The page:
- When a user makes a purchase at a store, the Device Account Number and a randomly generated security code (the token) are passed to the merchant. The actual payment details of the card (the 16-digit string of numbers, expiration date and security code) are not passed to the merchant.
- The token is passed through the tokenization system where the required amount of money is unlocked and sent back to the merchant.
“I think that we just started rolling out tokenization. It is an industry standard, an open standard. So it is not a proprietary solution, it is a free published standard,” Woo said.
Apple did not create the notion of a token. Nor did it invite the Secure Element chip used in iPhones or the Near Field Communications chip that is used to connect to a merchants point-of-sale terminal in a store. Really, Apple did not create any new technology at all to create Apple Pay. Yet Apple Pay may be the technology that finally spurs mobile payments to general adoption by consumers and businesses because of the popularity and trust of Apple’s brand and the iPhone.
The greatest benefit of Apple Pay might just be to make tokenization—an open source standard launched and touted by the payment processors—a ubiquitous feature in all digital payments technology.
“For tokenization to take off, it almost goes hand-in-hand with mobile payments taking off and the proliferation of OEM adoption plays into that,” said Will Graylin, CEO and co-founder of payments startup LoopPay, recently acquired by Samsung. “We are in a perfect storm right now to be able to combine tokenization plus ubiquitous acceptance plus having OEMs adopt.”
Moving The Needle On Digital Payments
According to MasterCard’s Woo, 85% of worldwide transactions are still conducted in cash. This 85% figure has been the standard for years now, with no industry-wide inclination that it will change any time soon. The data set of all transactions is so big that it would take trillions of dollars changing hands from consumer to merchant to significantly move the needle.
“What happens is that the world economy continues to grow. Every year the proportion of cash reduces somewhat, but we are talking about huge volumes. So it is about the same,” said Woo.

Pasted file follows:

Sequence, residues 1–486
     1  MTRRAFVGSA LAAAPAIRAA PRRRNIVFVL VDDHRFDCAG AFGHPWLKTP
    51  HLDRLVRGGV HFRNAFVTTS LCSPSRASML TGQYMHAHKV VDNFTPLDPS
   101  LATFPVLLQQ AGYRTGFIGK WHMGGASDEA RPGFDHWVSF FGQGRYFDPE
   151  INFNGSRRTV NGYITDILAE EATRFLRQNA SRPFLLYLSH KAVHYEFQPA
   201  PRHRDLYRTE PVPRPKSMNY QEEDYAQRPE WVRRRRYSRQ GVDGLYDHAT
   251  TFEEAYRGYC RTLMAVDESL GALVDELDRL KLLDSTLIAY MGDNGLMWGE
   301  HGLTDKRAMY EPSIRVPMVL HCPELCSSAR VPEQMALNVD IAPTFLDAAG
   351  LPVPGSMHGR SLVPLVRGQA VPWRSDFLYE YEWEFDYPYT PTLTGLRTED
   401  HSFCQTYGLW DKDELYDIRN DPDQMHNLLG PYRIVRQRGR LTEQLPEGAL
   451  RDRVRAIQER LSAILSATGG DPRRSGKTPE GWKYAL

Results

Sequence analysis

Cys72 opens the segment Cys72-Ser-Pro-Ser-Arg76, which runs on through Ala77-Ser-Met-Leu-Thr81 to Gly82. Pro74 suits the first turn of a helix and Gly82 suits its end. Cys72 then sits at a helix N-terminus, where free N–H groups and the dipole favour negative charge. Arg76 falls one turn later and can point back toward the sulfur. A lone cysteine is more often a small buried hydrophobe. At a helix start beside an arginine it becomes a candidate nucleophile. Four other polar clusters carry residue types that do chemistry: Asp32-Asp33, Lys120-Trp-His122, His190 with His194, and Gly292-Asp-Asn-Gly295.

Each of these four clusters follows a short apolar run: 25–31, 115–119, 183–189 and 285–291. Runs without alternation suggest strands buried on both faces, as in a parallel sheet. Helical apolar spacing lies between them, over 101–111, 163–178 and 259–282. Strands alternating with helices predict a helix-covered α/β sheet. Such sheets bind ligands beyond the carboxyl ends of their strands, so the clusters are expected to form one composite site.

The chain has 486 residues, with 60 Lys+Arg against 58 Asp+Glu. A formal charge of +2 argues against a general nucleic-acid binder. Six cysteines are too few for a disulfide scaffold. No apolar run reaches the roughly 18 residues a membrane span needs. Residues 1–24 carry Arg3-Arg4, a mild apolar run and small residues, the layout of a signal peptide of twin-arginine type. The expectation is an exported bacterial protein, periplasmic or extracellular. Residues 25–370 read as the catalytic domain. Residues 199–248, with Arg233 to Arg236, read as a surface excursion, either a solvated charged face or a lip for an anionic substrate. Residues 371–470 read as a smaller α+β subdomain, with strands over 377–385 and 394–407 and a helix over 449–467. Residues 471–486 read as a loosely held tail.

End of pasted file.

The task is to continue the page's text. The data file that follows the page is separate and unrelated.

Mobile payments are not going to put much of a dent in this ratio any time soon. The idea of paying at a store with a smartphone—a favorite topic of the Technorati—is still new to most people. Mobile payments are a curiosity, even with Apple Pay. The technological infrastructure of merchants across the world has not caught up with the capabilities of smartphones. Even a company like LoopPay which takes out much of the technological barriers to mobile payments for merchants, can only do so much in making people use their smartphones instead of plastic cards.
“When a consumer can feel like, ‘I can use it anyplace, this is my new payment method’ then you have converted one consumer at a time,” Graylin said. “You literally have to convert one consumer at a time otherwise they have alternatives they can use. They can use plastic cards.”
The slow transition away from cash and plastic cards to real-world digital payments is going to be decades in the making. Of course, the slow adoption of mobile and digital payments will be a hindrance to the acceptance of tokenization as a security method.
“[Tokenization] would be an additional standard on top of what already exists. Retiring anything of legacy in payments takes a very long time,” Graylin said. “MagStripe is going to be around for a very long time, so is chip card. Adding tokenization means that we can finally deliver one-time use across different channels. I am looking at more than just physical [paying in store with a smartphone], I am looking at it in ecommerce and online channels.”